Portraits of Wildflowers

Perspectives on Nature Photography

A different kind of slender predator

with 21 comments

Click for greater size and clarity.

So different in most ways from a damselfly, yet also a slender predator, is this blotched water snake, Nerodia erythrogaster transversa, that I saw leaving the pond at the Doeskin Ranch on August 31, 2012.

Reptiles have been scarce in these pages, and this is the first picture of a snake ever to appear here. As a bonus you get another look at the Chara algae that was drying out at the edge of the water on that summer day.

© 2013 Steven Schwartzman

Written by Steve Schwartzman

January 15, 2013 at 6:14 AM

21 Responses

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  1. I’m sorry but I have no comment about the snake. Snakes give me the willys. Nice pic though.

    petspeopleandlife

    January 15, 2013 at 6:27 AM

    • Many people have a dislike of snakes. On the other hand, I know some who love snakes, raise them at home, and go out looking for them in the wild.

      Steve Schwartzman

      January 15, 2013 at 7:13 AM

  2. That thing could almost blend in with its surroundings. Pretty scary.

    Gracie

    January 15, 2013 at 6:54 AM

    • Another vote on the anti-snake side. Actually all the snake wanted to do in this case was get away from me, and all I wanted to do was prolong its presence so I could keep on taking pictures of it.

      Steve Schwartzman

      January 15, 2013 at 7:14 AM

  3. The only species I love more than spiders are snakes. What? No closeup?

    Shannon

    January 15, 2013 at 8:00 AM

    • I was using a telephoto lens, and even at that distance the snake was eager to get away from me and kept moving pretty quickly, with the result that the pictures in which I was able to zoom in the closest didn’t turn out well. I did get some acceptable views that are a little closer than what I showed here, but this picture seemed like a good compromise between subject and background.

      Why am I not surprised that you favor snakes even more than spiders?

      Steve Schwartzman

      January 15, 2013 at 8:15 AM

  4. Beautiful, I love snakes. Thanks Steve and I’m waiting for some more!

    chatou11

    January 15, 2013 at 9:09 AM

    • I hope it won’t be too long. For whatever reason, I rarely encounter snakes in the wild here, but I’ll be on the lookout for the next chance.

      Steve Schwartzman

      January 15, 2013 at 9:27 AM

  5. Good photo !

    GuillaumeGuillaume

    January 15, 2013 at 11:58 AM

  6. I have a resident snake in my garden. I like snakes. I’ve never lived anywhere that the snakes were aggressive, I might add. This one is beautiful.

    afrenchgarden

    January 15, 2013 at 1:15 PM

    • If I had a resident snake I’d try to get some good pictures of it. Like you, I haven’t encountered any aggressive snakes, and most have wanted to get away from me pretty quickly. In any case, I’m glad you find this one beautiful.

      Steve Schwartzman

      January 15, 2013 at 1:23 PM

  7. I was hoping for a snake today… I’m cooped up with a cold and am missing all the critters I so enjoy in the summer months.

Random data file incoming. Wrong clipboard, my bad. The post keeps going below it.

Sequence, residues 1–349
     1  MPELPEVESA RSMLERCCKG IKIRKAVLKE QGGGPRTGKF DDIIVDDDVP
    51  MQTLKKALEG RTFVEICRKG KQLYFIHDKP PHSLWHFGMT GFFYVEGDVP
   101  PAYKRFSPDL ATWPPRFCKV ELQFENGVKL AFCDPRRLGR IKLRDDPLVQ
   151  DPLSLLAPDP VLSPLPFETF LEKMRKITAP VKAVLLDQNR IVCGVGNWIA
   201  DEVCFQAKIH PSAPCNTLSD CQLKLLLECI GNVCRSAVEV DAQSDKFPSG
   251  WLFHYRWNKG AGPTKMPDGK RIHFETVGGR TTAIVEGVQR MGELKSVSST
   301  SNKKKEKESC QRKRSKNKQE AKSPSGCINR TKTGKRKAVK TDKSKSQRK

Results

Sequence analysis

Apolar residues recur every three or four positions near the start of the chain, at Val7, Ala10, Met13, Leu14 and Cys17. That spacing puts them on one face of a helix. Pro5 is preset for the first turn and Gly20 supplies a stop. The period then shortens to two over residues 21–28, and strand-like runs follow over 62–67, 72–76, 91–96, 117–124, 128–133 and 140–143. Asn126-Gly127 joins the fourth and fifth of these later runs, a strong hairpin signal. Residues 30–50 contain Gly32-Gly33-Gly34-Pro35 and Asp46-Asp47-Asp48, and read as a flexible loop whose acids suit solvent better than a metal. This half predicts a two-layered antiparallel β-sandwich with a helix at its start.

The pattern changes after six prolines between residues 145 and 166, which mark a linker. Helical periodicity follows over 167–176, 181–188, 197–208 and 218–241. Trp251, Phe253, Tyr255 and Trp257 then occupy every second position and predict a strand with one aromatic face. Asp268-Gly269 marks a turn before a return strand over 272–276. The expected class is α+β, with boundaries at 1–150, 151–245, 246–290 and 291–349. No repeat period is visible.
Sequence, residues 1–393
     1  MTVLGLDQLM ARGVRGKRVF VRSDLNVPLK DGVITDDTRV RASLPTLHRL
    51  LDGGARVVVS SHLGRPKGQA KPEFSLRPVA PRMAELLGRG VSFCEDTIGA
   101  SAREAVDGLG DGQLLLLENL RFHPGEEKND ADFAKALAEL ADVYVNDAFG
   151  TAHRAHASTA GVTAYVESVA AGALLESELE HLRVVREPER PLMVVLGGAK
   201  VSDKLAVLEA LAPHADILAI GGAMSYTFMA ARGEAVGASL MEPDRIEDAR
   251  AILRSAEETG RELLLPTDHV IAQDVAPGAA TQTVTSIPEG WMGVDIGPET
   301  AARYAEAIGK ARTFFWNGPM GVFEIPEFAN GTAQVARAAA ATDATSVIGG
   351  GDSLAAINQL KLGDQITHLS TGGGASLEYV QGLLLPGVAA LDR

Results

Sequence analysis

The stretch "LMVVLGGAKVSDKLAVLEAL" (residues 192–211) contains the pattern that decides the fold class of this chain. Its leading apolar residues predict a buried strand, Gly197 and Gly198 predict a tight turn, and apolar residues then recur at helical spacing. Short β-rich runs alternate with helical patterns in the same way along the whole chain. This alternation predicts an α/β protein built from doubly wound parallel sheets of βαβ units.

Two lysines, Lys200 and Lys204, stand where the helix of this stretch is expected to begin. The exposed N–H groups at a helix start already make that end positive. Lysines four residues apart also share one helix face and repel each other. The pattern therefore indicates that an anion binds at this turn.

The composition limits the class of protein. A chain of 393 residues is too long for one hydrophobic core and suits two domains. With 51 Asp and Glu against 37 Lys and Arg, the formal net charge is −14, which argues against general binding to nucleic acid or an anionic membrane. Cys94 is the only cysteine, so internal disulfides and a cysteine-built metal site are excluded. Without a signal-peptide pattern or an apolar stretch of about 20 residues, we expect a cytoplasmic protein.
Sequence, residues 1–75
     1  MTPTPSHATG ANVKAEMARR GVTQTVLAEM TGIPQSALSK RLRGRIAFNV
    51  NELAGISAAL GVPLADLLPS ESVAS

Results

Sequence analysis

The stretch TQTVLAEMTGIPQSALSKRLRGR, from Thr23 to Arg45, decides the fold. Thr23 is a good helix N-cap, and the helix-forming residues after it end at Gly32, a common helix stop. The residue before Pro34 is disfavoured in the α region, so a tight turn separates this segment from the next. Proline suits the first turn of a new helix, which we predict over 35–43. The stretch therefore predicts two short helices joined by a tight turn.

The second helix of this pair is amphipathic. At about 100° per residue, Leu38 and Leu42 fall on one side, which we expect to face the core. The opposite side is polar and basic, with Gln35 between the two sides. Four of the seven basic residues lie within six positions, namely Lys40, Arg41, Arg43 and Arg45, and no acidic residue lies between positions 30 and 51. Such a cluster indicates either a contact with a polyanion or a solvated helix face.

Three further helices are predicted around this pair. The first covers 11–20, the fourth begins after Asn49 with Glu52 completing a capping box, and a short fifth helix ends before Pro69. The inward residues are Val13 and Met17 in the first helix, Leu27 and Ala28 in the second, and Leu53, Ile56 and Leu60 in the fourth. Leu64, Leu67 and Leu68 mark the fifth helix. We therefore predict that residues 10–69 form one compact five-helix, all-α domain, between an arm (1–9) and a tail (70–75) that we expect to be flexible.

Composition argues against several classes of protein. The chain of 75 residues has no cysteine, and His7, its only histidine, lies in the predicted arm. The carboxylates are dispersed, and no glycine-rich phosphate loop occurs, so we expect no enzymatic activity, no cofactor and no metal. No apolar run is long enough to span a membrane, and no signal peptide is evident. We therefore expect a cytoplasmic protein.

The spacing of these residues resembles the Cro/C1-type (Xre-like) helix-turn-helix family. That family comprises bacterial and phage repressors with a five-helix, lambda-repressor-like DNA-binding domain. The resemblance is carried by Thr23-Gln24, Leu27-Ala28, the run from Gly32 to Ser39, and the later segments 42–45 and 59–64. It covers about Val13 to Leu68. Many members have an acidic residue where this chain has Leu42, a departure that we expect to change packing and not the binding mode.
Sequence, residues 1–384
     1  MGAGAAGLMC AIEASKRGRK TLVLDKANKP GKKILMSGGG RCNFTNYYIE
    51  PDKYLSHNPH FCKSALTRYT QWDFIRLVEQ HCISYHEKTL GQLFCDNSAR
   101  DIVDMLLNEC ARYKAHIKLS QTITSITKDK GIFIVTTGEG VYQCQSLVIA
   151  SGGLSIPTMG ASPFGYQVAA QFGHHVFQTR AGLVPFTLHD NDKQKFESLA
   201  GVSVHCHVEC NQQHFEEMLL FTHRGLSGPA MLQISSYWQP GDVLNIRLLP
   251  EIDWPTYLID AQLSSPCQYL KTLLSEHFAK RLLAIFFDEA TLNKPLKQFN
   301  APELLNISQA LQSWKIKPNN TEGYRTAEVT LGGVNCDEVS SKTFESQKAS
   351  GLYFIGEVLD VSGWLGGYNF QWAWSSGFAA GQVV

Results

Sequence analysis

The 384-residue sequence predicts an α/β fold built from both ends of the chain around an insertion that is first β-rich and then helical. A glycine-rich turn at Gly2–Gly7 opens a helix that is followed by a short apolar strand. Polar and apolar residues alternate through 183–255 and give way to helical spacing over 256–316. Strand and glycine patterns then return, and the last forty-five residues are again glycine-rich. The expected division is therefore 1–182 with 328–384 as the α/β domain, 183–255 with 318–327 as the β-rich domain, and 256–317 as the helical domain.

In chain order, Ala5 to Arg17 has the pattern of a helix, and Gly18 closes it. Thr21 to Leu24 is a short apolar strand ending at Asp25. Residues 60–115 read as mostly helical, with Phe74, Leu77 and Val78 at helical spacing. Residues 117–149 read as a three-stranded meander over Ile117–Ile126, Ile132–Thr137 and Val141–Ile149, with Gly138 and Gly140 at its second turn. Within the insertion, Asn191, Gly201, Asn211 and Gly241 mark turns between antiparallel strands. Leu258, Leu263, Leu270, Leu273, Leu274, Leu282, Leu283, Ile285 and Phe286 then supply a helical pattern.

So, thanks for the snaky lift to my spirits!

    melissabluefineart

    January 15, 2013 at 3:42 PM

    • Maybe I read your mind, but even if not you’re certainly welcome for the “snaky lift” to your spirits (and respiration). You got me to wondering whether the phrase “snaky lift” had ever been written or uttered before, so I did a Google search and found it a few times in connection with thermal currents. You almost coined a phrase there.

      Steve Schwartzman

      January 15, 2013 at 4:23 PM

      • Ha! I wouldn’t have guessed…now I’ll have to pay attention to weather reports to listen for someone else say “snaky lift” 🙂

        melissabluefineart

        January 17, 2013 at 12:18 PM

  8. That’s a nice looking predator! I enjoy seeing a good photo of a snake that I haven’t seen before.

    montucky

    January 15, 2013 at 9:34 PM

  9. The snake and its algae remind me of polar bears and snow, walking sticks and grasses, and so on. When I ponder the number of creatures that apparently are custom-made for their environments, it’s really quite amazing. And this is a lovely snake.

    Thanks to your link, I’m sure I’ve identified the snake I almost stepped on out at Anahuac – the diamondback water snake. It was on its way out of a pond, and my first response was “Rattler!” Nice to know that all diamondbacks aren’t necessarily dangerous.

    shoreacres

    January 18, 2013 at 9:30 AM

    • About 12 years ago I almost stepped on a real rattlesnake. We were walking on a trail in Palo Duro Canyon (in the Texas Panhandle) and I was so busy looking at the formations of rock and sandstone and thinking about pictures of them that I didn’t notice the rattlesnake on the ground. That was a lucky escape for me. Your diamondback water snake is a perpetual escape for you, another instance of “Not all that glitters is gold.”

      Steve Schwartzman

      January 18, 2013 at 9:44 AM


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